The history of Survivor Series is full of firsts, from the first sightings of legendary Superstars to the feared match types which changed sports-entertainment forever. Count down the 10 biggest debuts to take place at Survivor Series.11/10/2016 - 12:30
Look back on these moments when underdogs prevailed, presented by "Ben-Hur," in theaters Aug. 19.08/09/2016 - 01:00
Find out what longstanding pre-match tradition is kept alive by WWE Superstars like Mark Henry and Cesaro.08/03/2016 - 17:00
The History of WCW
Take a trip back to “Where the Big Boys Play.” Launched by media mogul Ted Turner in 1988, World Championship Wrestling went from a predominantly southern attraction to the most popular sports-entertainment company on the planet in less than a decade. Driven by captivating characters like the unbeatable Goldberg, the dynamic Sting and the so-bad-they’re-cool New World Order, WCW and its flagship program, Monday Nitro, dominated Raw in television ratings for 84 consecutive weeks between May of 1996 and March ’98 before being acquired by WWE in 2001. Here, WWE.com recounts the events that built WCW into an empire and the missteps that made it fall. Let’s get ready to rumble!
1988 — 1992
Nov. 21, 1988
WCW is Born
Throughout the 1980s, Ted Turner presents the action from Jim Crockett Promotions on the “World Championship Wrestling” program on his TBS network. In ’88, with Crockett’s company experiencing financial problems stemming from mismanagement, the media mogul buys the failing business and forms Universal Wrestling Corporation, which is soon renamed to World Championship Wrestling in order to retain familiarity.
Jan. 11, 1991
The First Champion
During WCW’s first years of operation, the promotion remains closely affiliated with the historic National Wrestling Alliance, with the NWA World Title representing the top prize. However, in order to build their own identity, WCW establishes the WCW World Title, which Ric Flair wins by stealing a victory over Sting.
July 14, 1991
Flair Goes North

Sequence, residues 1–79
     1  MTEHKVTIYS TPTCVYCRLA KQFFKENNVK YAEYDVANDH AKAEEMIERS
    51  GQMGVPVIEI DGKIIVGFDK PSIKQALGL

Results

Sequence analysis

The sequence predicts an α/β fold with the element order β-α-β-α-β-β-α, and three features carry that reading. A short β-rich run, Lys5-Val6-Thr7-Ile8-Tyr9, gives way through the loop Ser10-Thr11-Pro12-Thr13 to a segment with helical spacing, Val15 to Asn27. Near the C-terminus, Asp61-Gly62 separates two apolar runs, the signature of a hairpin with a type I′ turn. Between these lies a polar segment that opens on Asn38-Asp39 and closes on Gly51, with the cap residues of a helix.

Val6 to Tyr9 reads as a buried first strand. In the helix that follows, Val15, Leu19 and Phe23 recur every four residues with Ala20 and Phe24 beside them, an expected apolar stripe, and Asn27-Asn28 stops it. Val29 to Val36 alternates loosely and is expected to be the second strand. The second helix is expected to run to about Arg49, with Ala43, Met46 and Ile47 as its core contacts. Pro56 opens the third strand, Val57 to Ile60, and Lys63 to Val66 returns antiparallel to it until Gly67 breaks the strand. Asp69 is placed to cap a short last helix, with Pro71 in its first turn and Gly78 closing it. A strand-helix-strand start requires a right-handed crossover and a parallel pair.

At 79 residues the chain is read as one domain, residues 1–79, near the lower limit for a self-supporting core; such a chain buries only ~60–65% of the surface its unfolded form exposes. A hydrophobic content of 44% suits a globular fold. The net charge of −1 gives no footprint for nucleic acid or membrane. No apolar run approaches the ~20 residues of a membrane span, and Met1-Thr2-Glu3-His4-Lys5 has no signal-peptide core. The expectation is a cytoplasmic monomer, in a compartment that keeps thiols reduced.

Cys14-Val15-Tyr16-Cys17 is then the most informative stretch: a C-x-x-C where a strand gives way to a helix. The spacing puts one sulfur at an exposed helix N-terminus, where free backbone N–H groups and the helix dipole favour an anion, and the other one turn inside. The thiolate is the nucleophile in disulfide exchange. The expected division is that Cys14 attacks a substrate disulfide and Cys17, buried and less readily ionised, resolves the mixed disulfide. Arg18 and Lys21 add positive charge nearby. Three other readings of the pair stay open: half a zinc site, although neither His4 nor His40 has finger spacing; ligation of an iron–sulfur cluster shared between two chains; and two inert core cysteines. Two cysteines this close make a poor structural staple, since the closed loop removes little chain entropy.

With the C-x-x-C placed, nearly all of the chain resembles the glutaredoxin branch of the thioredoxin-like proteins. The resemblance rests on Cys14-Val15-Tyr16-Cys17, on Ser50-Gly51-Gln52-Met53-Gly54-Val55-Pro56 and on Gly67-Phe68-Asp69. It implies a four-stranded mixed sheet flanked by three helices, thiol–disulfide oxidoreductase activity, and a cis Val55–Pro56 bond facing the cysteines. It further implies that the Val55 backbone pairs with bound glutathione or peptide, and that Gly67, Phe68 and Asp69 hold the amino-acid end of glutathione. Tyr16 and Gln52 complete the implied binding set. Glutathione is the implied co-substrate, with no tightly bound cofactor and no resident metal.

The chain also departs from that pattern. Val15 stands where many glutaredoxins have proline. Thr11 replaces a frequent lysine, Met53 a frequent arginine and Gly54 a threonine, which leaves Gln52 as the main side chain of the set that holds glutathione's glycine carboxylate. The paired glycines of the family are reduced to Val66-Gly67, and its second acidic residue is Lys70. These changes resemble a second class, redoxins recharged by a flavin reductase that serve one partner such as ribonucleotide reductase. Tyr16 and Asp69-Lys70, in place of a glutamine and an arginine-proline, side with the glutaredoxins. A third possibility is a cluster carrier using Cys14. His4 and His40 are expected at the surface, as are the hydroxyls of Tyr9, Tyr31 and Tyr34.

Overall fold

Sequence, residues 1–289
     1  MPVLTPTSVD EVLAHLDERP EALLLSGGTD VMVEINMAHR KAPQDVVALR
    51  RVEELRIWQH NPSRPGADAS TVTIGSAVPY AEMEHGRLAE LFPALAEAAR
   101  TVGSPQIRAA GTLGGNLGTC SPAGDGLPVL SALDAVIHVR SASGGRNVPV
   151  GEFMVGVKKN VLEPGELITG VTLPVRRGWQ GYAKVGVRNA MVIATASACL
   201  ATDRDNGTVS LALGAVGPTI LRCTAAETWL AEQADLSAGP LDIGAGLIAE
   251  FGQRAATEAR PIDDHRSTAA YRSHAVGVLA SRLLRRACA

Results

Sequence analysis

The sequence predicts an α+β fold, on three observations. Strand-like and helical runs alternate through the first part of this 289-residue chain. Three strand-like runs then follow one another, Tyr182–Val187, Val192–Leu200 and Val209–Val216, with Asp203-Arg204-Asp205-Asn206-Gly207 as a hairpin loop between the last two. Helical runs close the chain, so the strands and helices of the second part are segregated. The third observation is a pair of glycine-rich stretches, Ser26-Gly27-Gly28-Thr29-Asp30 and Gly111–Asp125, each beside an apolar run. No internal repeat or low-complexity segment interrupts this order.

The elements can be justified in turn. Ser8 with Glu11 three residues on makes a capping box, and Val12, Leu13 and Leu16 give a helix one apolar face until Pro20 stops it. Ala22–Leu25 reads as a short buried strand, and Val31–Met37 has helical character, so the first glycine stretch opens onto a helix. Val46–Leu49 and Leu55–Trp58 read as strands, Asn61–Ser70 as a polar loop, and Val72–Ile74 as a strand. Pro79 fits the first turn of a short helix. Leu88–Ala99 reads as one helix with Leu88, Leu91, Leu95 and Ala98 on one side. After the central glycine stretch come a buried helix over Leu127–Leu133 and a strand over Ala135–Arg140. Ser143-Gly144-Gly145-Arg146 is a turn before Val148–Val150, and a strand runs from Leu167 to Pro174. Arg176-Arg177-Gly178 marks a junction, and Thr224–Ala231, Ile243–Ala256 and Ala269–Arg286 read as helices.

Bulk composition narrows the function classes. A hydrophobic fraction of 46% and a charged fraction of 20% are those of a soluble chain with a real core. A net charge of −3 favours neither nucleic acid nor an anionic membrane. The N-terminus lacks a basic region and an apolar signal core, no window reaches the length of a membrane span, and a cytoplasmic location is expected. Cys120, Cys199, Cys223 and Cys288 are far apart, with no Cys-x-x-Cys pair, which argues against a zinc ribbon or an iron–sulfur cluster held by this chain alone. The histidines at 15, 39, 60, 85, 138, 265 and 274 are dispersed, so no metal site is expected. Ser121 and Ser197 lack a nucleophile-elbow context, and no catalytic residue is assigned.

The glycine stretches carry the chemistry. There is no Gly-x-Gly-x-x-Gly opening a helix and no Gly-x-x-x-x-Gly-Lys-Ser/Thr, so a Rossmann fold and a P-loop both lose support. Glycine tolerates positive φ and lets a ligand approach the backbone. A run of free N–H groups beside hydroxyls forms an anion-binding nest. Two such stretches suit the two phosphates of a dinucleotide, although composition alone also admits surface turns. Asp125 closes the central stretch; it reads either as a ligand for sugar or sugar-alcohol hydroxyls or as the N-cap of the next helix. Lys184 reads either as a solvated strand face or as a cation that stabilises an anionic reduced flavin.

Following a series of disagreements with WCW Executive Vice President Jim Herd, Ric Flair leaves the organization and takes the WCW World Title to WWE. As a result of the controversial move, the championship is declared vacant and a match between Lex Luger and Barry Windham for the title is held at Great American Bash with The Total Package prevailing.
June 1, 1992
"Cowboy" Bill Watts becomes the Executive Vice President of WCW. A no-nonsense Oklahoman, Watts implements a number of controversial and unpopular policies, including banning top rope maneuvers and removing the protective mats from the outside of the ring. Now when competitors fall out of the squared circle, they hit nothing but concrete.
Aug. 2, 1992
After his name is randomly selected in a drawing by Watts, Ron Simmons challenges WCW World Champion Big Van Vader for the coveted title and defeats the devastating big man to become the first African-American World Champion in sports-entertainment history. (WATCH) The significance of the moment is easily summed up with one word — “Damn!”
1993 — 1994
Feb. 14, 1993
Jim Ross makes his last appearance in the announce booth for WCW. On his way out, J.R. is joined by his old friend Bill Watts who resigns from his position as Executive Vice President amid controversy. Cowboy’s replacement is a savvy young announcer named Eric Bischoff — a man with big ideas and the nerve to pull them off.
July 18, 1993
Back on Top
After running his mouth in WCW for months following his successful stint in WWE, Ric Flair get backs in the ring and beats Barry Windham for the NWA World Heavyweight Title. The NWA, however, is upset with the underhanded way The Nature Boy wins the bout and demands he defend the championship by their standards. Soon after, WCW officially splits from the NWA.
Aug. 18, 1993
A Shocking Debut
On a live edition of Ric Flair’s “A Flair for the Gold” during Clash of the Champions XXIV, The Nature Boy confronts Sting and The British Bulldog about the mystery partner they are set to team with in a WarGames Match against Flair, Sid and Harlem Heat. Hoping to intimidate his opponents, Sting enthusiastically introduces The Shockmaster who busts through a nearby wall. Unfortunately, the klutz trips and falls on his face in one of the most embarrassing moments in sports-entertainment. (WATCH)
July 17, 1994
Hulkamania Runs Wild
Following months of hype, Hulk Hogan makes his WCW ring debut at Bash at the Beach with Shaquille O'Neal and Jimmy Hart in his corner and beats Ric Flair to win the WCW World Championship. To the surprise of few, The Hulkster dominates the scene for the next six years.
Sept. 4, 1995
This Means War
Throwing some direct competition at WWE, WCW debuts their Monday Nitro program with a live broadcast from the Mall of America in the Twin Cities. In the first of many shocking moments to come, Lex Luger makes an unannounced appearance during a match between Sting and Ric Flair only one night after his WWE contract has expired.
Oct. 29, 1995